What To Yet Do in 2017 for Planning Purposes
Rates are going down for most in 2018 plus some deductions are being limited or eliminated. So we all have a narrow window to take some action to capture some breaks at higher rates yet in 2017. There are likely more items than what is detailed below but here are a few that could help:
- If you are charitably inclined and will otherwise itemize deductions this year, you may want to consider front-loading some of your planned 2018 gifts to right now (December, 2017). This could be as easy as, for example, simply making your January tithe to church right now instead of actually doing it in January, or as big as setting up a Donor-Advised Fund and gifting a very large amount to be dispersed to your non-profit of choice over time.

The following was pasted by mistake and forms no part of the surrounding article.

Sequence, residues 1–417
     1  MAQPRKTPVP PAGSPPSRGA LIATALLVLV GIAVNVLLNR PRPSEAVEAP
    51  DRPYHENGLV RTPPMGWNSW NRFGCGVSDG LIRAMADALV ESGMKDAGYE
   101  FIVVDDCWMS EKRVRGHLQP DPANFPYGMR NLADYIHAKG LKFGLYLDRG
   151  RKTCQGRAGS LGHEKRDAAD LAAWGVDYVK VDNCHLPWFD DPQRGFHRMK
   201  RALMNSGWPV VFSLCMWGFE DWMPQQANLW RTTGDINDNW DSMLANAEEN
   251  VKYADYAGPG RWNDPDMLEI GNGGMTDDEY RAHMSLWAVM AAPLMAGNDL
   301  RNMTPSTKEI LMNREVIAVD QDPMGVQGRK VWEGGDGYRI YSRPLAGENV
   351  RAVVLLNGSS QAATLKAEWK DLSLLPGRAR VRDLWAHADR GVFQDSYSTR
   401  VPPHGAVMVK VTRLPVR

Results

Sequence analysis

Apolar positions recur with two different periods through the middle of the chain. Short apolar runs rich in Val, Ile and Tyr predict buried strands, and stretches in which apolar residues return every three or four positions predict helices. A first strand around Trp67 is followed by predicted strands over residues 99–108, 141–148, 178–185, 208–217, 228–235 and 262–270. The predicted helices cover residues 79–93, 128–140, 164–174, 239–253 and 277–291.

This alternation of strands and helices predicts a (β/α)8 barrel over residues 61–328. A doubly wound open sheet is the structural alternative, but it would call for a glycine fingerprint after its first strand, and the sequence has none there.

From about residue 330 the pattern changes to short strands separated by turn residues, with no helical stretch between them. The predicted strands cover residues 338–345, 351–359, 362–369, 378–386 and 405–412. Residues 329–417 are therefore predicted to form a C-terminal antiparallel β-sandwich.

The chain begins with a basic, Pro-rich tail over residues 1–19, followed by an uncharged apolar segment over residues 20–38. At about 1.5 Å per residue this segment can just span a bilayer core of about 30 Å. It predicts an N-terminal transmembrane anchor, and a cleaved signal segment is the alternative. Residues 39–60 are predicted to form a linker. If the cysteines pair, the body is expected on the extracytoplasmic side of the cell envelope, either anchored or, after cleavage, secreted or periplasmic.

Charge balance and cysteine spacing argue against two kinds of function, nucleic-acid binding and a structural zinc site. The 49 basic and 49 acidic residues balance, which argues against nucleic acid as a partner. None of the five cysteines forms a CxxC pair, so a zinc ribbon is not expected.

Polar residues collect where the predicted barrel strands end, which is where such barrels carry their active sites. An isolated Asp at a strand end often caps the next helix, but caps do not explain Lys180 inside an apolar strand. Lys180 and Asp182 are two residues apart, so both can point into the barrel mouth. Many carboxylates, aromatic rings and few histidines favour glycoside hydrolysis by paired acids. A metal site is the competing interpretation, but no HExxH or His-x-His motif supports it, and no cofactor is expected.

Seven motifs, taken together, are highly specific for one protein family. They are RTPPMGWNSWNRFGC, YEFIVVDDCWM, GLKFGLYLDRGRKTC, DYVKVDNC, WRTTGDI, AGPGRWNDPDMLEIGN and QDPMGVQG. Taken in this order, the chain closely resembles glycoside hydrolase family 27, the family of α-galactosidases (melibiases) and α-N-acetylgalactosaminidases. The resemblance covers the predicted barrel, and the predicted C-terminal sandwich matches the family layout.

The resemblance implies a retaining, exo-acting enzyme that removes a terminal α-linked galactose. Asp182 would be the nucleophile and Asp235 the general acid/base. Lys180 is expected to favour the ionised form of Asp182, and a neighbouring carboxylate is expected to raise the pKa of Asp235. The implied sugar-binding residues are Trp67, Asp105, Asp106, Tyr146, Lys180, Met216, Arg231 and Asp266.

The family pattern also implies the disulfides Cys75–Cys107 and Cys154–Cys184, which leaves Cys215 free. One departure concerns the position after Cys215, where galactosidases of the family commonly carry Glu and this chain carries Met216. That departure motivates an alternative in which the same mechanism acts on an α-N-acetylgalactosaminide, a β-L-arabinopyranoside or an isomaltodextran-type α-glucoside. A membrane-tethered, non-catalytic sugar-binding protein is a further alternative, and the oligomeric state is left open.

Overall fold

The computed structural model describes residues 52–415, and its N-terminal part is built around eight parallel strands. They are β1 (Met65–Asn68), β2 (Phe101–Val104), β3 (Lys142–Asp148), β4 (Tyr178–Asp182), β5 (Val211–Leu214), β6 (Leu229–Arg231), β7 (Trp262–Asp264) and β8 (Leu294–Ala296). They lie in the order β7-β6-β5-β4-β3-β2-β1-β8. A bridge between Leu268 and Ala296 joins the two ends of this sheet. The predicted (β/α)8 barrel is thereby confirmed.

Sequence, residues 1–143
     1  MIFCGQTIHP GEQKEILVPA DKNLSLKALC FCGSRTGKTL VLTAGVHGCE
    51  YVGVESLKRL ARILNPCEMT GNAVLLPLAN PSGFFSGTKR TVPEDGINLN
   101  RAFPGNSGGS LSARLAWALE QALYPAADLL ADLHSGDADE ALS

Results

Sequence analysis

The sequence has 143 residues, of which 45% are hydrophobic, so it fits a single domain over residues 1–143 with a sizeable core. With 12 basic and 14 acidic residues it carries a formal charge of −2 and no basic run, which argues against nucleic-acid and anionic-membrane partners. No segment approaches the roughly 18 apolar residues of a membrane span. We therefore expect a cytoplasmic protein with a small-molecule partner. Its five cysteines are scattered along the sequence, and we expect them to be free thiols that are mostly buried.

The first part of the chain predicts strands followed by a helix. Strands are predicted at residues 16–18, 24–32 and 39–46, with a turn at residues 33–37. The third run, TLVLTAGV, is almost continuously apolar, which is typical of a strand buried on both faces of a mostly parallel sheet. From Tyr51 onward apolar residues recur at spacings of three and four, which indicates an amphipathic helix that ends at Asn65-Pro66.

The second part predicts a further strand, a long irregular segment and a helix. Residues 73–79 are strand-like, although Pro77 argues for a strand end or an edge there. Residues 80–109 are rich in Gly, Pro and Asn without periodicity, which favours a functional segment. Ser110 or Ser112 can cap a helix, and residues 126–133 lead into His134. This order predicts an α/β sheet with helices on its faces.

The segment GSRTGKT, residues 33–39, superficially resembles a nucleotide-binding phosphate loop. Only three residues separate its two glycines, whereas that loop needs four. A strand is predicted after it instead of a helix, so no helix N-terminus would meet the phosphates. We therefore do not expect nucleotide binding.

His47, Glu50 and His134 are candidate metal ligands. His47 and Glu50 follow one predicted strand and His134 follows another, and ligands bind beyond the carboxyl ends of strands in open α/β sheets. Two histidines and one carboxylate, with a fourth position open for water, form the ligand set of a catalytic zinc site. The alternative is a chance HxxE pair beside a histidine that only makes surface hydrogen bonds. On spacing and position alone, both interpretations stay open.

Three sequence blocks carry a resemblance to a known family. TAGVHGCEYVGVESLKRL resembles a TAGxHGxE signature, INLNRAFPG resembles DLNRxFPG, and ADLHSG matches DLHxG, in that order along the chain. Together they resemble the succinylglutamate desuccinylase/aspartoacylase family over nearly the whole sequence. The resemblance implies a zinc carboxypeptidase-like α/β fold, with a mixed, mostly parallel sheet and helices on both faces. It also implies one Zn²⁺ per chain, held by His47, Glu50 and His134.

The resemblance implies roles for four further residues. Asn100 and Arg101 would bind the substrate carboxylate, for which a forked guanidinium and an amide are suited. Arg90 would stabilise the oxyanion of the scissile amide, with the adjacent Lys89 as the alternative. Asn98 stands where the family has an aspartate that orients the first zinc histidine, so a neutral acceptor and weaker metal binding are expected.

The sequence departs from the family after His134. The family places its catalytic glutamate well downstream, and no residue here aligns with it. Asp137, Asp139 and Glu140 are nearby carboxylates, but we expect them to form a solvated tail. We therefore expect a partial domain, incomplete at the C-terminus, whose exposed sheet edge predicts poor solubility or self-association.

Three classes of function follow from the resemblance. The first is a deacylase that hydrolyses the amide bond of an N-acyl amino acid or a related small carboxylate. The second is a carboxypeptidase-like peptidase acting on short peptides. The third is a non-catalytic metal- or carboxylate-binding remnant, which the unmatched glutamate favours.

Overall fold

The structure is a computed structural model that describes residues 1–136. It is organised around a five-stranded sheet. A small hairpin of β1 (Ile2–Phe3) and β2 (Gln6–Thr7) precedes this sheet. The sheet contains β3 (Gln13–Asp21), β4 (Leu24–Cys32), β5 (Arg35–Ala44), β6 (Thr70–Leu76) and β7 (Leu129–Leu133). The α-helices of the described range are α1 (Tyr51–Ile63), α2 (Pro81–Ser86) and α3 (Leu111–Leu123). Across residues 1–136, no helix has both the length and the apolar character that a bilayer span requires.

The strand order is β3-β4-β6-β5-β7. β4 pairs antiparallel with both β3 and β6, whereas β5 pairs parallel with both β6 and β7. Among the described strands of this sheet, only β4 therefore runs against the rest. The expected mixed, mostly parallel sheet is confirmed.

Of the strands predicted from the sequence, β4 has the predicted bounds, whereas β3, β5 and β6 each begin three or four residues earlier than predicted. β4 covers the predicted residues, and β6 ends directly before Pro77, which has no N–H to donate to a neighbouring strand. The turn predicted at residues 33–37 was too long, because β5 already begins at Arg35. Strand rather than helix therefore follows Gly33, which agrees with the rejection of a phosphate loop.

- Make your January mortgage payment early. Interest is still deductible going forward but again, rates themselves are lower starting in 2018, so perhaps capture the break at a higher rate now; also, you may not be itemizing next year due to a higher standard deduction.
- If you have time to still alter your withholding on your last paycheck in December, you may want to increase your state tax withholding amount. This is because there isn't a limitation (for most) on SALT deductions in 2017 but is limited to $10k in 2018. If you get a state return in 2018 it will be considered income next year but again, the rates are generally lower. So even if you increased your state withholding by, for example, $400 on your last paycheck this month and are in the 25% federal tax bracket that'd be $100 back in your pocket as a result of lower taxes now (though, again, if you get a state return it will be income next year).